But I’m going to make an exception for THERE IS NO DOG by Meg Rosoff. This book has one of the cleverest premises I’ve heard in a long time: ‘What if God was a teenage boy?’ The sheer ridiculousness of this premise, coupled with my penchant for both teenage boys and irreverence towards theism made this book seem like a natural choice for me. Well, I was slightly disappointed.

So what, right? Not all books resonate with me. Why does that warrant a whole rant about it? The fact is the book is well written with pithy clever prose, and a pretty good structure overall. Rosoff chose to use a very messy omniscient point of view, which was distracting. But maybe she did that as a little joke. OMNISICENT. Get it?


Perhaps she was aiming for Douglas Adams, a lofty goal indeed, and I can’t really fault her for not quite reaching it. The book is funny, but could be funnier. It’s irreverent, yes, but could be more so.  There are too many characters, none of which is developed as deeply as they could be.


Even that is not enough for me to go all NYT book review on it. What bugged me, what really niggled me in my most sensitive niggle zone is that there is only ONE teenager in this book and he’s a stereotype of all the things I rail against in my support of teenagers. OK, so this teenager is God, and if there was a God he WOULD, in my opinion, be feckless, self-centered and inconsiderate, so yes, it makes perfect sense that “God” (of Bob as he’s called in the book) would be thus, but it grated on me.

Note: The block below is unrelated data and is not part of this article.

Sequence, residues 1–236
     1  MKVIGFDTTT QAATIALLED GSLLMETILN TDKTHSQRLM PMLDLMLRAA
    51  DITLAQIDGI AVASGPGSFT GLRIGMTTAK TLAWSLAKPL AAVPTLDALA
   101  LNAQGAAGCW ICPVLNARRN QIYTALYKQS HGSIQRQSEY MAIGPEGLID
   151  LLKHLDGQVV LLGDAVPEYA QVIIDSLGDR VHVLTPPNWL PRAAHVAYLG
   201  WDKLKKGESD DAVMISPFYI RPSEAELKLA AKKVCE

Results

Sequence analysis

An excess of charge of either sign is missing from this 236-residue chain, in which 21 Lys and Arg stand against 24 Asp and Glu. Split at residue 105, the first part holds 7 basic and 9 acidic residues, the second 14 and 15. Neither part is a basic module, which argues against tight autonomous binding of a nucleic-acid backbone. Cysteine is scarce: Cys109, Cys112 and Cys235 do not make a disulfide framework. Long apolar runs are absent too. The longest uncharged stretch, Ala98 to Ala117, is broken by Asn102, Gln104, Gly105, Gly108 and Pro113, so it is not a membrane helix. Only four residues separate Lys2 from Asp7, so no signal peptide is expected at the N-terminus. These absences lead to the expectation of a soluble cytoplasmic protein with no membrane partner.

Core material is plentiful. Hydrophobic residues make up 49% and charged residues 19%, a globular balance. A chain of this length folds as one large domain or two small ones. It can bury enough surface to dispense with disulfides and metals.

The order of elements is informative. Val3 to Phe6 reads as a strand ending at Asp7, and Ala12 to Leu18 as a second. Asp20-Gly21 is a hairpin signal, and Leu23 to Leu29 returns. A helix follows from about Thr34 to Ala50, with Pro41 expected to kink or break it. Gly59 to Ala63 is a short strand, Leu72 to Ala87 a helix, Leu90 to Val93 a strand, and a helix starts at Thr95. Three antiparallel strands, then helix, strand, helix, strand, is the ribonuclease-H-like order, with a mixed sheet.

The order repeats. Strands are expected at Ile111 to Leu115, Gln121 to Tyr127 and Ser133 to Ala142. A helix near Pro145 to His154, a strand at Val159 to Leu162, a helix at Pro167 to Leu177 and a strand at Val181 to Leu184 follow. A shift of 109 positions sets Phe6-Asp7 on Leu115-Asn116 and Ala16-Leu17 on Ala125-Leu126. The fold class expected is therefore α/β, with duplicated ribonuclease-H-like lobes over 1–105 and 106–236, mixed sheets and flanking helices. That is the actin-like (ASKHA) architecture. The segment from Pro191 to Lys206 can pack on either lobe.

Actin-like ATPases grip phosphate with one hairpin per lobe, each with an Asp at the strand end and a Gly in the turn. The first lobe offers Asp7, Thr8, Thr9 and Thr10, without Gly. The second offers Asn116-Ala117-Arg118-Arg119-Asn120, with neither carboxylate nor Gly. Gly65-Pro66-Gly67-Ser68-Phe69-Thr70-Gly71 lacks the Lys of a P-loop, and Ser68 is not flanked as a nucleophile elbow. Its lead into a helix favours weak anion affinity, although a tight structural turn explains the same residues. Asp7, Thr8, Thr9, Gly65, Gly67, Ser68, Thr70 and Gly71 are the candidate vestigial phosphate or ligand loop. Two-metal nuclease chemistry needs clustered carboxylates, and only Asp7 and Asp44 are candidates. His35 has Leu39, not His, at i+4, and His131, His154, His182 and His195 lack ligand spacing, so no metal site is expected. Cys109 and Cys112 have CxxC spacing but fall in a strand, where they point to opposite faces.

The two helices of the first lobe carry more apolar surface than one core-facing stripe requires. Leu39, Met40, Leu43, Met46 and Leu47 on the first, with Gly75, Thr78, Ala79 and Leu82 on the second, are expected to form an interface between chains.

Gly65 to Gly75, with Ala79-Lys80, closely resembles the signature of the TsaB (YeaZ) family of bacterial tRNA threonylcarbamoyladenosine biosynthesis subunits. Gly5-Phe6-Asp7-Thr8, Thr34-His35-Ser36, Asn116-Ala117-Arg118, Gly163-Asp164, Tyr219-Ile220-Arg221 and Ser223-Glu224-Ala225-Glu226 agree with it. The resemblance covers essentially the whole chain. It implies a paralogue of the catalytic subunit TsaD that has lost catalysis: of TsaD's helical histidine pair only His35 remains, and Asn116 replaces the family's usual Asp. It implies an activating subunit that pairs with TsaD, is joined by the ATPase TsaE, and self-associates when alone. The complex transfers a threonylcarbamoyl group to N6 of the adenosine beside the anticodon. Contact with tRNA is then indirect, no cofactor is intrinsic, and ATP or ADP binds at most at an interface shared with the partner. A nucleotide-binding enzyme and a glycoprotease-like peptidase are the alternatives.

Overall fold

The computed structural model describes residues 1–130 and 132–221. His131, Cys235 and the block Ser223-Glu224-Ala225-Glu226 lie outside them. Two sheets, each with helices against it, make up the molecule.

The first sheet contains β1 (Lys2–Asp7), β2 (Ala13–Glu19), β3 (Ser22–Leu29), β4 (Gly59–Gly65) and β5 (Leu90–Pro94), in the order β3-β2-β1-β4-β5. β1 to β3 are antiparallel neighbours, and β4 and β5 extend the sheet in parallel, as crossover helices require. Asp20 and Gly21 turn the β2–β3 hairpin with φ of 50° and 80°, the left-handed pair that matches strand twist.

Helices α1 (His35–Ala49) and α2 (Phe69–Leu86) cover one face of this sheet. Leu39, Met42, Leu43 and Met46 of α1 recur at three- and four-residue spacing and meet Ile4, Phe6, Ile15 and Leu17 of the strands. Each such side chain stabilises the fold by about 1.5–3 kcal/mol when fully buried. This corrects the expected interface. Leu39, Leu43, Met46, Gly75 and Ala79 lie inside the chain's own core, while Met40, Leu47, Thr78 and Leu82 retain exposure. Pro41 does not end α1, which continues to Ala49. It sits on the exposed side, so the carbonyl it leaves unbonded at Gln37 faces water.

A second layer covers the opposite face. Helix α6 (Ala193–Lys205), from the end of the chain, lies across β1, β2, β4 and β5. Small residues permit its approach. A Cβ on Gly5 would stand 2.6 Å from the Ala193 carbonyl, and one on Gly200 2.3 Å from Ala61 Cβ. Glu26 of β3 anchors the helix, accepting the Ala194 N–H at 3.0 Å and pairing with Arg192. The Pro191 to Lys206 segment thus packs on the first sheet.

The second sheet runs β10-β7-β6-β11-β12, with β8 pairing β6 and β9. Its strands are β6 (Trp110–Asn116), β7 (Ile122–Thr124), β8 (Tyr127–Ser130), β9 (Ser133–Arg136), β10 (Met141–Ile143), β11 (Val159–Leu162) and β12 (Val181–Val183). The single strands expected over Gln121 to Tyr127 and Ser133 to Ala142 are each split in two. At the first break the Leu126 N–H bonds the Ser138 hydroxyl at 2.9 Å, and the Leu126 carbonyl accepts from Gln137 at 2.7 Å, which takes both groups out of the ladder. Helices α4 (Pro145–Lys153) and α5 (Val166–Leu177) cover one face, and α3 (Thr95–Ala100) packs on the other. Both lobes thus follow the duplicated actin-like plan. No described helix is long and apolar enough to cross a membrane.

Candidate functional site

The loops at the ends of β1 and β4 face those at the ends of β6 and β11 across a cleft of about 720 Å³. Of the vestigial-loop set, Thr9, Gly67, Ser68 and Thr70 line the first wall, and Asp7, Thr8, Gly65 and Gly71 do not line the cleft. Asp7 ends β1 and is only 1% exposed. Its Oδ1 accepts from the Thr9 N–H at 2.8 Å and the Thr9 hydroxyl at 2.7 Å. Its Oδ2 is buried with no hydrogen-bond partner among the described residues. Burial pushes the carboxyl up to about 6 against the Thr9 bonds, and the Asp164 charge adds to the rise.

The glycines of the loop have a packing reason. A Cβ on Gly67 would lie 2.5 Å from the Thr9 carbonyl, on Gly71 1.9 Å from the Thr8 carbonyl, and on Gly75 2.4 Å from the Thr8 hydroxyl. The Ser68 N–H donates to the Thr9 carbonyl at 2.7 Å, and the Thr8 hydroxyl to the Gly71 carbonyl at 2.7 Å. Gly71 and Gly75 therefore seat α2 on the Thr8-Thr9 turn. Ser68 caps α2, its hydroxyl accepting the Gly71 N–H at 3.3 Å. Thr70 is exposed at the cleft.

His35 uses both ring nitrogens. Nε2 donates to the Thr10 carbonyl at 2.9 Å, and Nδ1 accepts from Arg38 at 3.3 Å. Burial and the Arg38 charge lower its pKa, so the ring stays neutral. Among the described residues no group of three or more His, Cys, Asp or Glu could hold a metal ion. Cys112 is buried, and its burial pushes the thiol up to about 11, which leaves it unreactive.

Teenage boys, despite widespread belief to the contrary, are not all feckless, self-centered and inconsiderate. It’s not that Bob was unlikeable; I rather liked him (more than I might like God, certainly) but he was unredeemable and that just didn’t sit right with me. The conclusion of the book felt lazy. The whole thing felt lazy, as though it was something Rosoff knocked off while on a cruise, drunk on daiquiris and sizzling in the sun.

I guess what I’m saying is that if this is an allegory about what an unbelievably heartless cad God is, then comparing him to a teenage boy felt a little cheap. Like how calling someone an ass is an insult to donkeys.

I just think insulting teenagers in a book for teenagers is not nice. And this book insults teenagers. Because if a teenage boy DID create the world, there would be much more sex, food, music, sports and TV, and a whole lot less disease, work, school and tears. And colors would clash, rivers would run with beer and the sky would smell like girls’ hair or bread baking, or both.

I’d trade one of my nephews for God any day.